Over the last few months, I’ve been closely watching the Supreme Court case, Endrew F. v. Douglas Countyholding my breath in anticipation for the court’s decision.  As an elementary school special education teacher, I was thrilled the Court made it clear that the achievement of students with disabilities matters. The case told us that all students should have an opportunity to make real progress in school; we shouldn’t be satisfied with just minimal progress. That’s something I believe, too. But I’m disappointed to see that the Administration doesn’t seem to agree.

The Supreme Court told teachers we need to focus on creating quality IEPs that are going to allow students to learn, grow and succeed in school. We were sent the message that all kids deserve to have educators who hold them to the highest expectations.

But around the same time as this landmark decision came out, the Administration released a budget proposal to cut education by over $9 billion. Budgets reflect priorities, and the Administration’s budget sends a very disappointing message to students, families and schools.

Instead of investing in the education of students with disabilities and their teachers, the Administration’s budget proposal eliminates a program that provides money for teacher training and professional development. So, how are teachers going to design effective IEPs and really support students if they don’t receive quality training? And what will the training focus on if we don’t have good research and evidence-based strategies?

If we’re going to fulfill the Supreme Court’s vision, something has to change.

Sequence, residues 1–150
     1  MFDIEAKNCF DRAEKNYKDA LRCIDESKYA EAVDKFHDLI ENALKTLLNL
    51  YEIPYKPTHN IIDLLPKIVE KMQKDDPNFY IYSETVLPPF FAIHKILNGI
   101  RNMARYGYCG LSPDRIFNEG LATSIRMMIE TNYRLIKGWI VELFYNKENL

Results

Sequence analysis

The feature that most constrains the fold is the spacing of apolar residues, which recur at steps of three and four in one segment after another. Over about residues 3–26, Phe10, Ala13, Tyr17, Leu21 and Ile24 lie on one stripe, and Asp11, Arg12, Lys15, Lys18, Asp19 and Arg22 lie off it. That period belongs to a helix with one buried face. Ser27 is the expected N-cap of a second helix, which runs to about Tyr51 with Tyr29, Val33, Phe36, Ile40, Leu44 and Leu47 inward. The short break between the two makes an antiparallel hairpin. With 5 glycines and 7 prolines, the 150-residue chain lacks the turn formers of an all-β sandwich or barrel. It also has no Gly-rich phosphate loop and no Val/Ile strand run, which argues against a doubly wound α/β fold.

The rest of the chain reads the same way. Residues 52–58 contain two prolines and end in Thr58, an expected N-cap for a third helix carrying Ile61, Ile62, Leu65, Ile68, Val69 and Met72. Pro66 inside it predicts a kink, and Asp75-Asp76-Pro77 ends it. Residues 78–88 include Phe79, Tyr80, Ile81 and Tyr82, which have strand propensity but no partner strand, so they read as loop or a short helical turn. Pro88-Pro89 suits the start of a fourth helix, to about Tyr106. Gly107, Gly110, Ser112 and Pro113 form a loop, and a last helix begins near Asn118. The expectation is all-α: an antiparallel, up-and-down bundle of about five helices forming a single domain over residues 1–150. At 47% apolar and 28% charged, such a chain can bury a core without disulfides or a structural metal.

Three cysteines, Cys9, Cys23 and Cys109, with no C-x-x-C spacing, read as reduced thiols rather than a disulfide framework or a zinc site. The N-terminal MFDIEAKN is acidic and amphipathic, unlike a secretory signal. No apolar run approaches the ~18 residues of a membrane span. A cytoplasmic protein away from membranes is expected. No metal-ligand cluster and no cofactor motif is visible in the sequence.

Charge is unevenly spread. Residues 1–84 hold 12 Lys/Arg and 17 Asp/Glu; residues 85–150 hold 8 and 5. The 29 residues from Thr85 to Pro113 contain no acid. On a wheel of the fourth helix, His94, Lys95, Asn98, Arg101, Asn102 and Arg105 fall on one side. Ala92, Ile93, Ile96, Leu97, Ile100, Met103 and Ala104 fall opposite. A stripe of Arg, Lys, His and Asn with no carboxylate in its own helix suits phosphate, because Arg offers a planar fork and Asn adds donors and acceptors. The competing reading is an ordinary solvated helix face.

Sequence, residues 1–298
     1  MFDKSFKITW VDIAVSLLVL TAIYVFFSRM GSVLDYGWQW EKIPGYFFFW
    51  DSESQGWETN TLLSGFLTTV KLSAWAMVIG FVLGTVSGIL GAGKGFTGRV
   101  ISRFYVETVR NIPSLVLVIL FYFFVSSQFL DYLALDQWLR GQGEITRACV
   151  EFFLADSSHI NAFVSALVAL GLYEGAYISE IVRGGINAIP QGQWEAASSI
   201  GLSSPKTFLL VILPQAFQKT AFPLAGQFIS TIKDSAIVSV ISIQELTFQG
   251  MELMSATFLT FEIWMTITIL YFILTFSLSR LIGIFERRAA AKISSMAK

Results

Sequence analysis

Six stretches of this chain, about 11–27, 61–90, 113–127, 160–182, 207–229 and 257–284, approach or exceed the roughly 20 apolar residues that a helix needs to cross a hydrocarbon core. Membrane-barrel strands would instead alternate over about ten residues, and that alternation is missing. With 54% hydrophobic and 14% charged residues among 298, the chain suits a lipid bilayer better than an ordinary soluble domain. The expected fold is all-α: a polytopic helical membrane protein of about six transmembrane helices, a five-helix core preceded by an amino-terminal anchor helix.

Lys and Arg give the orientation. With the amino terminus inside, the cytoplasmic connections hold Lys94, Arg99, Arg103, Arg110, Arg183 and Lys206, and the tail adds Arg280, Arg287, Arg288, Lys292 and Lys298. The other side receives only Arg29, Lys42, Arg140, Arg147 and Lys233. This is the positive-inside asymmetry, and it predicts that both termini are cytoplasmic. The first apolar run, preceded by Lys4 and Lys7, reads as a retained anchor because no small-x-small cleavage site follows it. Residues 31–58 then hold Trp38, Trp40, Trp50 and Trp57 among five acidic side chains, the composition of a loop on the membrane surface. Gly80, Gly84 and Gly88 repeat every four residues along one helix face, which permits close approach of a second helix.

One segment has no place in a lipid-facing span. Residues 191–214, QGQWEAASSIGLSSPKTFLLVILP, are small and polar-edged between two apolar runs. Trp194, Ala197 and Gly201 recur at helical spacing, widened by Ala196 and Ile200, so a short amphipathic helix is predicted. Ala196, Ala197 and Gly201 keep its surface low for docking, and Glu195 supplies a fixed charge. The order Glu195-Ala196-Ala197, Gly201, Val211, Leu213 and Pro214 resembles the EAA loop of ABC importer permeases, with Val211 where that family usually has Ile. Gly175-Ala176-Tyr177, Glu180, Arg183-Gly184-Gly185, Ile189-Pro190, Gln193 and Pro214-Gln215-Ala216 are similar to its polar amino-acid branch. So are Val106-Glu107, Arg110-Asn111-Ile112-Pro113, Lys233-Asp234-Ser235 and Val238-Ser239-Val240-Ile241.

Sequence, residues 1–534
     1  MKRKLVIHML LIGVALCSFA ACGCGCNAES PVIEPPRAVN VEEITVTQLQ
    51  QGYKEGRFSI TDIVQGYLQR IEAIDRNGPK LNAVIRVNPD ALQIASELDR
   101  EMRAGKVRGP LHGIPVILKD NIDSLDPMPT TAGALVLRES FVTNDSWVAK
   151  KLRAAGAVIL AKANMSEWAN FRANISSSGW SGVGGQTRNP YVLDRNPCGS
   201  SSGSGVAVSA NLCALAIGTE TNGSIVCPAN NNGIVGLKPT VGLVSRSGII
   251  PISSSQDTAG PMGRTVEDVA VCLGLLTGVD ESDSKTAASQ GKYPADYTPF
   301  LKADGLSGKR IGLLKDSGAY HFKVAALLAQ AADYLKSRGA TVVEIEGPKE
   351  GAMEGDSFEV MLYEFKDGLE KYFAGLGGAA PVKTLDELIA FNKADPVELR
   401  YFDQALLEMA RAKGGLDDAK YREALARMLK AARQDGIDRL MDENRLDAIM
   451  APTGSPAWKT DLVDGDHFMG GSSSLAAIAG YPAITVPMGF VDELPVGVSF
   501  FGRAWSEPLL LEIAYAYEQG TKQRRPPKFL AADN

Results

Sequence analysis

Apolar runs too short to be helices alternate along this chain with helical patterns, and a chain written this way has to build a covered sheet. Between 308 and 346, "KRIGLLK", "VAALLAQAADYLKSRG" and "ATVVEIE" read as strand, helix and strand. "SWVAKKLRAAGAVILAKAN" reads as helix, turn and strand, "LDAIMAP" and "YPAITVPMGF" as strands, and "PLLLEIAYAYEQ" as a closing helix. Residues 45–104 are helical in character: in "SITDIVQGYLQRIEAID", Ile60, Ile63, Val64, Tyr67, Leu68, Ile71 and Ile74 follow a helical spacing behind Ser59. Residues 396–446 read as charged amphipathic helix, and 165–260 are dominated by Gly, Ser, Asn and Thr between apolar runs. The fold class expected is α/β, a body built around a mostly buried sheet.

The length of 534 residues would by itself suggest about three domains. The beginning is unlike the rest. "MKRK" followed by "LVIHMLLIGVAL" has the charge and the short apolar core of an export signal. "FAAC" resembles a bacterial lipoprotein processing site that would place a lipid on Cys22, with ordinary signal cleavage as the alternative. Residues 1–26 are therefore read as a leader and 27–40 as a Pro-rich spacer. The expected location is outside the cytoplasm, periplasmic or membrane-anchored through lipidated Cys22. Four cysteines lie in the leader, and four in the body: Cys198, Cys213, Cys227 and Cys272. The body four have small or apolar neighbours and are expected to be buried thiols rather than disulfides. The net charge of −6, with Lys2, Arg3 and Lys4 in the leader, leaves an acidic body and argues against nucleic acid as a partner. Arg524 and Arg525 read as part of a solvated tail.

Here’s how this topic hits home for me:

Recently, Iowa passed an early literacy law and we’re working hard to make sure that all of our kids gain these important skills early on. To ensure this law is effective, we’ve made professional development a priority. And not just any professional development, but quality professional development. We’ve used federal and state money to provide teachers with targeted, effective professional development all about early literacy.

We’ve spent many hours watching videos and practicing what evidence-based reading instruction looks like. We’ve pored over the research on literacy instruction. We’ve learned all about multi-sensory instruction, and we’ve practiced it to make sure we know how to do it, too. And we depended on researchers to tell us how to best instruct students, especially how to reach those who struggle the most.

Imagine my surprise to learn that the Administration has proposed eliminating funding for programs like these, programs that are used by teachers across the country.  Our teachers won’t have what they need to effectively teach reading. And the research that has informed our practice for all these years might disappear. The policy we put in place will have less of an impact, because policy, funding, and practice are all tied so closely together.

Decision makers at the federal, state, and local levels all want the same things teachers want: for kids to succeed. The Supreme Court affirmed that, and teachers demonstrate that desire in their classrooms every day.

But the message I hear from the Administration’s budget is that teachers aren’t valued. That research isn’t necessary. How can our kids succeed if our teachers aren’t supported? How can we teach effectively without a solid research base?

I will keep my students at the top of my priority list. My colleagues will, too. And I hope you’ll join me in asking Congress to fund the programs our kids and our teachers need most. Our future depends on it.

Angela Lange has been a Kindergarten-3rd Grade Special Education teacher for 13 years in Boone, Iowa. She has a BS degree in Early Childhood/Special Education with a Reading Specialist endorsement from Iowa State University. She is a member of Decoding Dyslexia Iowa and the National & Iowa Education Associations.

Read the first post and third post in our Federal Funding Series.

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